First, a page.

We don’t see too many of them these days, but back in the sixties and seventies the dramatized play was a staple of the medium of television, originating in the model that governed the look of all early televised drama, which was founded on the studio-bound three-act stage play, filmed as-live by multiple cameras controlled from a studio gallery. The echo of this system could still be seen in the method and style of much British drama from the sixties, seventies and even continuing on into the eighties; a series such as “Doctor Who” was still an exponent of this outmoded system right up until its cancellation in 1989. When it was reborn in 2005, only the occasional sit-com was still being made that way.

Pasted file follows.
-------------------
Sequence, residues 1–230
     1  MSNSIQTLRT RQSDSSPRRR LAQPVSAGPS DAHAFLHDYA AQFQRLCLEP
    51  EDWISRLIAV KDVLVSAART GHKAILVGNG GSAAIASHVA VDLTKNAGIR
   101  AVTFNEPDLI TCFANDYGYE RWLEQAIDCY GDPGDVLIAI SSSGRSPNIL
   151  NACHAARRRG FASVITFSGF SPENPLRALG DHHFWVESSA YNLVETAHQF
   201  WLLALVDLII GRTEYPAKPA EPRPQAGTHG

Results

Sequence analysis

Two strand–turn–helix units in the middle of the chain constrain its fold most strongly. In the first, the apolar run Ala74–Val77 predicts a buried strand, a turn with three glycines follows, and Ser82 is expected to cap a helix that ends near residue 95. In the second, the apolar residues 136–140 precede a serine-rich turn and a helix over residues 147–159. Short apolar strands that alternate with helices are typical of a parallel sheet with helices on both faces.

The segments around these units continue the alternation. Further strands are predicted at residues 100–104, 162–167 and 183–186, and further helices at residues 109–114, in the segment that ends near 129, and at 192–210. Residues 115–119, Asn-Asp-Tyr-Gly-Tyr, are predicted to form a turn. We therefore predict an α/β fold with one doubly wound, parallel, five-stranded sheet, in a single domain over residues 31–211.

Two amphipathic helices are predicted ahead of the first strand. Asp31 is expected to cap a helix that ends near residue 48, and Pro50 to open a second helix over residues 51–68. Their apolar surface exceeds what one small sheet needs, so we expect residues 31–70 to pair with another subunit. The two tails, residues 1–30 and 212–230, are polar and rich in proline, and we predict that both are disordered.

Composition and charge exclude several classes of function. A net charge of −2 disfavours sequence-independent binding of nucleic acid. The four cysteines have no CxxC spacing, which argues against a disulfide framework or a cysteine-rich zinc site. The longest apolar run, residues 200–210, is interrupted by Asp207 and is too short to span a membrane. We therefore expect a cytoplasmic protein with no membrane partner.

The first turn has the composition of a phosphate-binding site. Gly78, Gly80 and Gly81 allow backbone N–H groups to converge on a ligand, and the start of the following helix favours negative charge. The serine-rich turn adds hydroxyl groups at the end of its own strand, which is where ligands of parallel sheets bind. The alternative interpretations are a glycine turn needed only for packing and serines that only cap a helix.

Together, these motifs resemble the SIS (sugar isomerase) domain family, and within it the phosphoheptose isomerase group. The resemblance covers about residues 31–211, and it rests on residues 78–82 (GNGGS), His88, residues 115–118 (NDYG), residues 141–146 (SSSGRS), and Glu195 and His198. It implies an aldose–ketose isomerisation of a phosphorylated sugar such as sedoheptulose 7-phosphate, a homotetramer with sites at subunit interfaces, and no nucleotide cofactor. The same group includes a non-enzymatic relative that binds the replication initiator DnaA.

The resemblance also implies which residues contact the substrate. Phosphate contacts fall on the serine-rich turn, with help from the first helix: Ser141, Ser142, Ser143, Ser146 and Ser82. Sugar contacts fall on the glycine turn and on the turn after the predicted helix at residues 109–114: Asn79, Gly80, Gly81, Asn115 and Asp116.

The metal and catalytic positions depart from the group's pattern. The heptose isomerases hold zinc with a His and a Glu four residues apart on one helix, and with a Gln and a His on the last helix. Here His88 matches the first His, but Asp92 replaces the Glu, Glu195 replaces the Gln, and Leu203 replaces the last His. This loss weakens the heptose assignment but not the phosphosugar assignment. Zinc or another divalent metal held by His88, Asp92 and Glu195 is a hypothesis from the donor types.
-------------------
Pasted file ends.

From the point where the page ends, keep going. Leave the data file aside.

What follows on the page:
Anthology series were once extremely thick on the ground, particularly when TV was starting to flower and find its own dramatic persona -- distinct from that of theatre and cinema -- in the sixties and seventies. Many of these plays were never repeated, and in some cases the tapes have long since been wiped, leaving only half-formed memories in the rare precocious viewer who happened to catch one or two of them as a child. “Shadows of Fear” is one such little-remembered series of suspense-type tales made by Thames TV in 1970. Eleven dramas were filmed in all, all of them featuring a small cast and eschewing the supernatural for character-based stories founded on tense human relationships and unusual situations. Perhaps the most memorable thing about this particular collection is the extremely creepy and affecting title sequence which features an animated series of images depicting an alienating, barren landscape of semi-derelict streets, bare trees and odd figures peering out of dim windows, all to the accompaniment of Roger Webb’s haunting theme music, combining lilting dark melody, shimmering Edda dell’Orso-style vocals, and unintelligible ambient shouts at the back of the sound mix – all of this leaving a strong, unshakable impression of brooding menace before the drama that is to proceed it has even begun.